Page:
MHADA colonies redevelopment can create ‘lakh-plus’ flats in 10 years

The apartments thus generated will be sold for the economically weaker sections, low and middle-income groups.

Written by Shalini Nair | Mumbai | Published: May 8, 2014 1:49:58 am

The state government has issued orders stating that the additional built-up area generated while the Maharashtra Housing and Area Development Authority (MHADA) redevelopes its own colonies will be made available entirely for public housing.

Earlier, 30-45 per cent of the extra built-up space generated due to the increased floor space index (FSI) for MHADA colonies reconstruction went to the tenants in addition to the bigger houses they get post-redevelopment.

MHADA officials said they expect to generate at least over a lakh units in public housing stock over the next decade solely through the redevelopment of its existing colonies spread over 5,000 hectares in Mumbai.  The numbers are significant, given the fact that MHADA’s depleting land and housing stock means it has released just 3000-odd much-sought-after affordable houses during its annual lottery in recent years.

In October 2013, the state urban development department issued a notification hiking the incentive FSI from 2.5 to 3 for the redevelopment of colonies in 104 MHADA layouts. Of these, 56 colonies are on larger plots. In a bid to encourage tenants to come to MHADA for redevelopment instead of going to private developers, it added that those colonies taking the MHADA route would be rewarded with 15 per cent additional area than what is otherwise permissible. However, the notification also said that the FSI left over after rehabilitating the tenants and setting aside MHADA’s incentive share would be split between the tenants and MHADA. “This would have led to almost half the houses that could have been used as affordable housing being given away for nothing. There seems to be some oversight in the earlier policy, which has now been rectified,” said a senior state government official.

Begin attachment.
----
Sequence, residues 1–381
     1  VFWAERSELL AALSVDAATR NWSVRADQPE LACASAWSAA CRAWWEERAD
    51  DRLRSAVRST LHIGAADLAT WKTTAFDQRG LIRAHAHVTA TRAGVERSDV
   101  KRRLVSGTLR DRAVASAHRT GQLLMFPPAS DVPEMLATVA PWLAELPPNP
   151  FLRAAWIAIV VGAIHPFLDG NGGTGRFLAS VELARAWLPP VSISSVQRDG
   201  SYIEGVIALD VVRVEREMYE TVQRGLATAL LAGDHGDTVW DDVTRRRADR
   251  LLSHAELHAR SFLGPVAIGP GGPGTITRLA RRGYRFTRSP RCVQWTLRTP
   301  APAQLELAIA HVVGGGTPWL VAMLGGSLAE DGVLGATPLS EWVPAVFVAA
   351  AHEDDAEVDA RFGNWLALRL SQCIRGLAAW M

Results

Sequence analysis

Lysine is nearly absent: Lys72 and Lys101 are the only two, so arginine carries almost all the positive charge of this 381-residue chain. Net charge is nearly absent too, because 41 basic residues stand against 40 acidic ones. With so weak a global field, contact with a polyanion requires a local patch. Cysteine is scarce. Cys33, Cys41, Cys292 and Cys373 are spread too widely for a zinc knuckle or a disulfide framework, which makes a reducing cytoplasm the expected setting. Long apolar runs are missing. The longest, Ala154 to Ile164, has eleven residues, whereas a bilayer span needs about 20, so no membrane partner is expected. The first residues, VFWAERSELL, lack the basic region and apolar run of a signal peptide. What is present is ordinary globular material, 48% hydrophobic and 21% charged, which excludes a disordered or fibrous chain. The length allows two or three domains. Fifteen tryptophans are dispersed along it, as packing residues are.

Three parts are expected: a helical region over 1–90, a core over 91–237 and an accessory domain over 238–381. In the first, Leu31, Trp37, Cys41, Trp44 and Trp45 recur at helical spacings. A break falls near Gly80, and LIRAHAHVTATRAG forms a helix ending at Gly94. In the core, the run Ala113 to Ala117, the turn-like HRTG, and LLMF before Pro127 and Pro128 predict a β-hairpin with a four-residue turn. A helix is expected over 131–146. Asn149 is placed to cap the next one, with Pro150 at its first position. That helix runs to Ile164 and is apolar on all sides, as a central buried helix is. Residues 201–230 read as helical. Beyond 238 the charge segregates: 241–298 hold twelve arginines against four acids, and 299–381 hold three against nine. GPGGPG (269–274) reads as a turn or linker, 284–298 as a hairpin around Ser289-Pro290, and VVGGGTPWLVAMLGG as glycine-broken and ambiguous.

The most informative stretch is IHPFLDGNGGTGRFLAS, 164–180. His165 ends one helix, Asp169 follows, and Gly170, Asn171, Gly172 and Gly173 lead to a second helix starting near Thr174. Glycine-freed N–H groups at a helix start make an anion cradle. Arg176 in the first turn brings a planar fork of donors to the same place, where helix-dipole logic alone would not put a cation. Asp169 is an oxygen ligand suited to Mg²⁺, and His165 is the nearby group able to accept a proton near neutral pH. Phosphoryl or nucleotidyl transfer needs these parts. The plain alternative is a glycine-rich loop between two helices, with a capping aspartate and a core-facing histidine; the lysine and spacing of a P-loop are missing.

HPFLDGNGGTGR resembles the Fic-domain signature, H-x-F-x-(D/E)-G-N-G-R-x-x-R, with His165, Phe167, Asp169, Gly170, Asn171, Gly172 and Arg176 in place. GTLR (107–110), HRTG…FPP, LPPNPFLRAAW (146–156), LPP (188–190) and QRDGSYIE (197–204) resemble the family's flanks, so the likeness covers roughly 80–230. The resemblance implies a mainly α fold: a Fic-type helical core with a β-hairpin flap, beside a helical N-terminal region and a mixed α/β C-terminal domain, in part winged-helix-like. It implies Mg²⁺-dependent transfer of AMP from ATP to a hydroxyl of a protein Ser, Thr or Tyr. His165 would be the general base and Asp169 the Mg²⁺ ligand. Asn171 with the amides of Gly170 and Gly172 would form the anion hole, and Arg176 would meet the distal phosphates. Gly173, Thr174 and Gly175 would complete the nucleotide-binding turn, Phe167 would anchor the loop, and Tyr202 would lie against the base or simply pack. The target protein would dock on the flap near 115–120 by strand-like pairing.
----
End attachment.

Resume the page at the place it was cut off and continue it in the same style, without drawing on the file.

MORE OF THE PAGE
In February this year, MHADA’s Mumbai Board chief officer had written to the state government asking the latter to review the sharing clause in the larger public interest.

The government issued fresh orders this month stipulating that “when redevelopment scheme is undertaken by MHADA itself bearing all the expenses, the balance FSI is left entirely with MHADA for creation of affordable housing stock”.

The apartments thus generated will be sold for the economically weaker sections, low and middle-income groups. “Since 2005, when the government first increased the FSI for redevelopment of MHADA colonies to 2.5, we have issued No Objection Certificates to only 10 per cent of the total buildings. We expect a much better response with the new policy,” said R B Mitkar from the housing board’s redevelopment cell.

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